Have you ever wondered where to go to learn more about the ecology of our coastal areas, that special place where the land meets the water? The Smithsonian Environmental Research Center (SERC), located in Edgewater, Maryland, is a great place to start! SERC conducts ongoing, leading research into many areas concerning our perpetually-changing environment, including the effects that weather may have on our beaches and coastal zones.
To help answer some of our questions about their work and their discoveries of how “Wacky Weather,” may affect on our coastal areas, Amazing Kids! took some time to speak with Karen McDonald, the Outreach Coordinator of SERC.
AK: What is the main mission or goal of the Smithsonian Environmental Research Center?
KM: SERC is a research branch of the Smithsonian, so we have 18 different laboratories here that research the Chesapeake Bay. However, there are also researchers that call this “home” while doing work all around the world. Our mission is simple: We want to understand what happens where the land meets the water, and we want to help people better understand the environment, so we’re ready for the challenges our planet will face over the next 100 years.
AK: Why do you believe it is important to study the ecology of the coastal zones?
KM: Coastal zones are the places where the land meets the sea. They are important because the plants of coastal zones have roots that act like fingers and hold soil in place to protect the land; their roots also act like water filters and purify water as it flows off the land. Additionally coastal zones act as buffers against storms and tides, and they are also nursery habitat for crabs, fish, and other animals to live and grow up in.
AK: What types of research does the Smithsonian Environmental Research Center conduct? What have they discovered specifically relating to weather and its effects on our coastal zones?
KM: SERC has 18 different research labs that study many different topics ranging from water quality, plankton, oysters, jellyfish, blue crabs, deer, native orchids, earthworms, CO2 and climate change, and aquatic invasive species. Climate is just one part of the picture of all these different studies. But climate clearly affects things like earlier springs, hotter summers, higher rainfall, fiercer storms and more extreme weather events in general along the coasts – all of which we’ve seen this year. The cooler, wetter springs also wash more nutrients from crop planting into the Bay, fueling large algal blooms that cloud the water and affect our shorelines.
AK: How do the scientists at SERC collect data and analyze it? Can you provide a specific example on how SERC collects data related to weather’s effects on the coastal zones?
KM: SERC scientists collect long-term data using weather instruments that record temperature, salinity (saltiness) of the water, turbidity (cloudiness of the water), wind speed, UV light, rainfall, solar spectrum, and more.
We have a 12-story meteorological tower and special instruments that hang on and off our docks. Our solar radiation laboratory specifically looks at the effect of UV light (a part of sunlight) on plankton, the tiny plants that live in the water that are at the base of the food web. Plankton, like you, can get sunburns from UV light, but unlike you, because they are tiny they may die, leaving little to no food for animals that rely upon them. Sunlight intensity and weather play important roles in the lives of these tiny plants that so many creatures in our oceans rely upon. This is especially true in places like the Arctic where sunlight is especially intense.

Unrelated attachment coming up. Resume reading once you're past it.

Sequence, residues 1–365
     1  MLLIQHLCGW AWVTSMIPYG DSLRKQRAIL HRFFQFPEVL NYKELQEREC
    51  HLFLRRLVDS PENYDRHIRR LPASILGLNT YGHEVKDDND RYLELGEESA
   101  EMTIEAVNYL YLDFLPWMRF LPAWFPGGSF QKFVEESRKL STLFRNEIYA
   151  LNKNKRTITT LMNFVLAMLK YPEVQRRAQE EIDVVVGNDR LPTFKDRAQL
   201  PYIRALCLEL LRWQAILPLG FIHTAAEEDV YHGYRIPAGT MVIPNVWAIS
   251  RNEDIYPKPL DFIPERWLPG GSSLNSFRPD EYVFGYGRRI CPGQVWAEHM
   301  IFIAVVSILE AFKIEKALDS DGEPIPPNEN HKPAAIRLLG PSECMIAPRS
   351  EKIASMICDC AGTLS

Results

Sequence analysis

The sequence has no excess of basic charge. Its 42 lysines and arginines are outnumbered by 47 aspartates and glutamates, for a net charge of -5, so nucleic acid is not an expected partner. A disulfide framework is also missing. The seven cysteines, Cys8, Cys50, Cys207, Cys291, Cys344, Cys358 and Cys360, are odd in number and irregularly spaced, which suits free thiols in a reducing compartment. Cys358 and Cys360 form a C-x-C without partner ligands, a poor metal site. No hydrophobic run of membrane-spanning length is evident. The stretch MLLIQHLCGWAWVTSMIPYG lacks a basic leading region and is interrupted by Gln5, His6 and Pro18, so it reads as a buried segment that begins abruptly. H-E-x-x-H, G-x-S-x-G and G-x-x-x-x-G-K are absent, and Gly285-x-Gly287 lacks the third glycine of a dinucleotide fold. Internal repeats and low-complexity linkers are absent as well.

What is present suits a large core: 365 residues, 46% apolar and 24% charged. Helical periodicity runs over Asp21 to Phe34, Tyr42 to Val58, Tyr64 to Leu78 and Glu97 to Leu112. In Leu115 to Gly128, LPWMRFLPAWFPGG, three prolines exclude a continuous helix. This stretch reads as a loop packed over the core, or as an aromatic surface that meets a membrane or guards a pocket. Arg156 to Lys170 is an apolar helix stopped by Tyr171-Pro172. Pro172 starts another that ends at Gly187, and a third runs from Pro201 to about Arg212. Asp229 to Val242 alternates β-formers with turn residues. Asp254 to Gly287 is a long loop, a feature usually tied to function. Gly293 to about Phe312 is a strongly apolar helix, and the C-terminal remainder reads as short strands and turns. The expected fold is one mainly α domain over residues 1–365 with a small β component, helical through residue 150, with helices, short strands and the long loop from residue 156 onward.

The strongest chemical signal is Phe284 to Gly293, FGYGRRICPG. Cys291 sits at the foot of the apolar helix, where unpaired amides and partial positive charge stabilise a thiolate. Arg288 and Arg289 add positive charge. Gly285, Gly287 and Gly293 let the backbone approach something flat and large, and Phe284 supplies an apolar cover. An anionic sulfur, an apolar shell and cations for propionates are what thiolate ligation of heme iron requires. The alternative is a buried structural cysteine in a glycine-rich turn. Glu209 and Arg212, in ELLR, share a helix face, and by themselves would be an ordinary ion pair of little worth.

AK: What goals does the Smithsonian Environmental Research Center have for the future?
KM: SERC’s goals are to continue researching environmental issues that relate to human impacts on nature and the environment, to increase environmental literacy, and to encourage stewardship of the environment.
AK: How do you believe SERC’s work can help the world?
KM: As a research institution, we provide the data and research that lawmakers, decision makers, and even everyday people need to make healthy decisions about the environment. This information is critical to understanding human relationships with nature.
AK: How does the Smithsonian Environmental Research Center hope its newfound discoveries are applied in our everyday lives?
KM: We hope to increase environmental awareness and literacy. As an Outdoor Educator here at SERC, I work with thousands of adults and children in hands-on learning to help them appreciate and understand nature. I hope they will carry with them what they learn so that they all become good stewards of the environment.
AK: What is the best part of your job?
KM: Every day is different, and every day I get to be outside sharing the wonders of nature with others. One day I may be teaching about earthworms, releasing a rehabilitated heron, or working with blue crabs on the docks, while on another I may be leading a canoe trip or guided hike.
AK: Have you had any mentors who helped you follow your career path to become spokesperson of SERC?
KM: I’ve had many mentors and teachers along this path. Most of them encouraged me to have the courage to try different things I was interested in, from bat research to predatory birds, until I found my true interest, sharing nature with others.
AK: What advice do you have for our readers that hope to pursue a career related to environmental research?
KM: I would suggest trying many different jobs and experiences before settling on one path or course of study. That way you’ll truly know what you do and don’t like. It’s important to love what you do and find a career that makes you happy. Start by volunteering and working during the summers trying different and new things until you find what you’re really interested in.